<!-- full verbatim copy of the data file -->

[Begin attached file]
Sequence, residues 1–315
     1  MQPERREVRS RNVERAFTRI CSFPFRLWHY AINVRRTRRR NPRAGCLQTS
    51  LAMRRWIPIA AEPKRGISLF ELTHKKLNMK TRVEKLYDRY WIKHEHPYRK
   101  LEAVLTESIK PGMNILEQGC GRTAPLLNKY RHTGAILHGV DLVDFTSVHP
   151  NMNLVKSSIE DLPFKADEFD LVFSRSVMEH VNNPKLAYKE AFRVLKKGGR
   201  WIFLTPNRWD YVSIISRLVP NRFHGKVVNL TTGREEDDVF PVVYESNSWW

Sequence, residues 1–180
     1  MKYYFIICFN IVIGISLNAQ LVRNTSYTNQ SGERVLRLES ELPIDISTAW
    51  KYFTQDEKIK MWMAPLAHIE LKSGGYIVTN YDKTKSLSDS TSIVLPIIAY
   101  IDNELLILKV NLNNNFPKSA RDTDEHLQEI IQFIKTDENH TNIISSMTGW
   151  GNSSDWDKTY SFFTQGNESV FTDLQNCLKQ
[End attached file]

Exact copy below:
Sequence, residues 1–315
     1  MQPERREVRS RNVERAFTRI CSFPFRLWHY AINVRRTRRR NPRAGCLQTS
    51  LAMRRWIPIA AEPKRGISLF ELTHKKLNMK TRVEKLYDRY WIKHEHPYRK
   101  LEAVLTESIK PGMNILEQGC GRTAPLLNKY RHTGAILHGV DLVDFTSVHP
   151  NMNLVKSSIE DLPFKADEFD LVFSRSVMEH VNNPKLAYKE AFRVLKKGGR
   201  WIFLTPNRWD YVSIISRLVP NRFHGKVVNL TTGREEDDVF PVVYESNSWW

Sequence, residues 1–180
     1  MKYYFIICFN IVIGISLNAQ LVRNTSYTNQ SGERVLRLES ELPIDISTAW
    51  KYFTQDEKIK MWMAPLAHIE LKSGGYIVTN YDKTKSLSDS TSIVLPIIAY
   101  IDNELLILKV NLNNNFPKSA RDTDEHLQEI IQFIKTDENH TNIISSMTGW
   151  GNSSDWDKTY SFFTQGNESV FTDLQNCLKQ